48. Pardus (113)
Pardus is a GNU/Linux distribution jointly developed by the Scientific & Technological Research Council of Turkey (TÜBİTAK) and National Academic Network and Information Centre (ULAKBİM). It started its life as a Gentoo-based project before developing its own unique identity. Since late 2012 the distribution, developed in two separate branches as "Corporate" and "Community" editions, is based on Debian. This page focuses on the Corporate version of Pardus.
49. risiOS (118)
risiOS is a Fedora-based Linux distribution which runs the GNOME desktop environment and includes a number of graphical setup and tweak tools to help initialize and customize the desktop experience. risiOS includes wizards for adding media codecs, Flathub repositories, and popular open-source desktop applications.
50. MidnightBSD (122)
MidnightBSD is a FreeBSD-derived operating system. A critical goal of the project is to create an easy-to-use desktop environment with graphical ports management, and system configuration using GNUstep. The vast majority of the operating system will maintain a BSD license. MidnightBSD was forked from FreeBSD 6.1 beta.
51. SUSE Linux Enterprise (130)
SUSE Linux Enterprise is an interoperable platform for mission-critical computing. SUSE Linux Enterprise Desktop is an enterprise-quality Linux desktop that's ready for routine business use. It provides interoperability with existing systems and many office applications. It also delivers flexibility for desktop and notebook clients, thin-client devices, and high-end technical workstations. SUSE Linux Enterprise Server is designed to handle mission-critical workloads. It is an open, scalable, solution that comes with integrated Xen-based virtualization, application security, and systems management across a range of hardware architectures. SUSE Linux Enterprise Server provides interoperability with Windows and other platforms, and it provides a secure foundation for a broad range of edge, departmental and data center needs.
52. Linspire (133)
Linspire is a full-featured operating system (based on Debian GNU/Linux and Ubuntu) like Microsoft Windows XP or Apple Mac OS X. Linspire offers the power, stability and cost-savings of Linux with the ease of a Windows environment. In addition, Linspire features exclusive Click-N-Run (CNR) technology that makes installing software on Linspire fast and easy. Note: Linspire was acquired by Xandros Inc. in July 2008 and discontinued as a Linux distribution shortly afterwards. Linspire was later purchased by PC/OpenSystems in 2017 and sold as an Ubuntu-based commercial distribution.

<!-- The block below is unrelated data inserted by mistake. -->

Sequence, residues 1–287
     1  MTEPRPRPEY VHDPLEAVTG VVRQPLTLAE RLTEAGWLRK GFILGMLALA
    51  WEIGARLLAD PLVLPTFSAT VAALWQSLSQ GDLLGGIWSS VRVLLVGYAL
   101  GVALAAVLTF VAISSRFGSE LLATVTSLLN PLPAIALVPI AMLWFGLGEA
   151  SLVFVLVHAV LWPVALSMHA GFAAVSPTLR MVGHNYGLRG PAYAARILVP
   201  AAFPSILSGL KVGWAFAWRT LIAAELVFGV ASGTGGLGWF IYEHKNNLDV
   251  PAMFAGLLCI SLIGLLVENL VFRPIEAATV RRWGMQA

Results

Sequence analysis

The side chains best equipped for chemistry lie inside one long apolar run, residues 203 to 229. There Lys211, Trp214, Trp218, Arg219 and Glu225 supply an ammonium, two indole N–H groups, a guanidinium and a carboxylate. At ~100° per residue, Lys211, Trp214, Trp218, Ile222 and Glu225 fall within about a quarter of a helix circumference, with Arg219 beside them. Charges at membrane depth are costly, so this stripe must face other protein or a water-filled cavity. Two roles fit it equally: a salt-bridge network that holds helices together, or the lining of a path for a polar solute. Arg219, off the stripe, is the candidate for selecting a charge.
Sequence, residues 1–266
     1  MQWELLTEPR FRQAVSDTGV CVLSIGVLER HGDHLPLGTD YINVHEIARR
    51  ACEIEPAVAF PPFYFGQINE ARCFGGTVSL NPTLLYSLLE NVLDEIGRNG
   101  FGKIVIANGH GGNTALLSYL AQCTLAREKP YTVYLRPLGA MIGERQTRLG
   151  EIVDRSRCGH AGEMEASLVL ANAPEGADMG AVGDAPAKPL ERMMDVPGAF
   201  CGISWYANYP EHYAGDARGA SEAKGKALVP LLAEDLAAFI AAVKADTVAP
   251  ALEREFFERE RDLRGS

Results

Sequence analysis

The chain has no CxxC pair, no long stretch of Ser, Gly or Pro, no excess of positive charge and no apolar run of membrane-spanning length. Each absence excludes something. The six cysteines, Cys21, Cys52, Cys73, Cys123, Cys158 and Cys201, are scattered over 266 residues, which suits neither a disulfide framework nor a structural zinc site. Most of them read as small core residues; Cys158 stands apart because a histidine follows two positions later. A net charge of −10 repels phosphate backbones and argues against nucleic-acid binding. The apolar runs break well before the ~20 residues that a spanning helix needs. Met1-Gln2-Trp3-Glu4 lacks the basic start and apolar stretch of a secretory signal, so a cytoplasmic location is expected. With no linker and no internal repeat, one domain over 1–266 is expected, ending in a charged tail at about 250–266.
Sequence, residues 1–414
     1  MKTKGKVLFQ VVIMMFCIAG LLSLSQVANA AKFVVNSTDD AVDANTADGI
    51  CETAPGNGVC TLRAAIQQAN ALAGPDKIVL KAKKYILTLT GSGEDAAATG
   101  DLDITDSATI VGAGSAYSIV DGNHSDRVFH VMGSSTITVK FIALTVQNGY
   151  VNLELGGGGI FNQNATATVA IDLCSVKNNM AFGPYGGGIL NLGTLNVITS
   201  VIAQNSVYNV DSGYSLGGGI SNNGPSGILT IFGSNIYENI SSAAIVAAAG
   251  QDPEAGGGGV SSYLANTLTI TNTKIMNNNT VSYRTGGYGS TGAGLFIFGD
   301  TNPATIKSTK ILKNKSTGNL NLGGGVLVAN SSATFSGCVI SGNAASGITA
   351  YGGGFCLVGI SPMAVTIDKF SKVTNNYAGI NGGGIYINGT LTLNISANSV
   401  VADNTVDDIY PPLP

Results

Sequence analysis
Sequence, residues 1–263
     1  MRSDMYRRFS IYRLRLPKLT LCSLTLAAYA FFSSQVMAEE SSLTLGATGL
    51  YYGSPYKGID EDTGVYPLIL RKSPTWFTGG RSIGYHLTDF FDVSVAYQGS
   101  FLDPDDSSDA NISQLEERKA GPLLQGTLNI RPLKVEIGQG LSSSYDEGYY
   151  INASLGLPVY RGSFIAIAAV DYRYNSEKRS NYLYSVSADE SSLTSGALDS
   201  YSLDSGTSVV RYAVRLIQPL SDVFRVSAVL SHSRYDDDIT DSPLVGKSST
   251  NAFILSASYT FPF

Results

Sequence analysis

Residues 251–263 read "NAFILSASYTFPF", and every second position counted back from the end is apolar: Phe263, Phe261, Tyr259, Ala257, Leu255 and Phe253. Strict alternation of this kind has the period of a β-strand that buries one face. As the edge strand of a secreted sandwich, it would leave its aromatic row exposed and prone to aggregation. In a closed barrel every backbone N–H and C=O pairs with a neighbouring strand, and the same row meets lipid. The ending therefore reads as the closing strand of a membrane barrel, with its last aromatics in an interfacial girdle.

53. Zephix (135)
Zephix is a live Linux operating system based on Debian's stable branch. It runs totally from removable media without touching any files stored on the user's system disk. The aim of Zephix is to provide a free modular operating system that users can carry with them and use wherever there is a laptop or a desktop system available. The default ISO image comes without any graphical interface, but several desktop modules are available separately, together with other various popular application modules. Users can also create their own modules using built-in scripts.
54. postmarketOS (145)
postmarketOS is an Alpine-based Linux distribution for mobile devices. The project offers three mobile interfaces: Phosh, Plasma Mobile, and Simple Mobile X Interface (Sxmo). The project aims to provide long-term support for a range of mobile devices, key among them the Librem 5 and the PinePhone, though other, traditionally Android devices, are supported.
55. ClearOS (147)
ClearOS is a small business server operating system with server, networking, and gateway functions. It is designed primarily for homes, small, medium, and distributed environments. It is managed from a web based user interface, but can also be completely managed and tuned from the command line. ClearOS is available in a free Community Edition, which includes available open source updates and patches from its upstream sources. ClearOS is also offered in a Home and Business Edition which receives additional testing of updates and only uses tested code for updates. Professional tech-support is also available. Currently ClearOS offers around 100+ different features which can be installed through the onboard ClearOS Marketplace.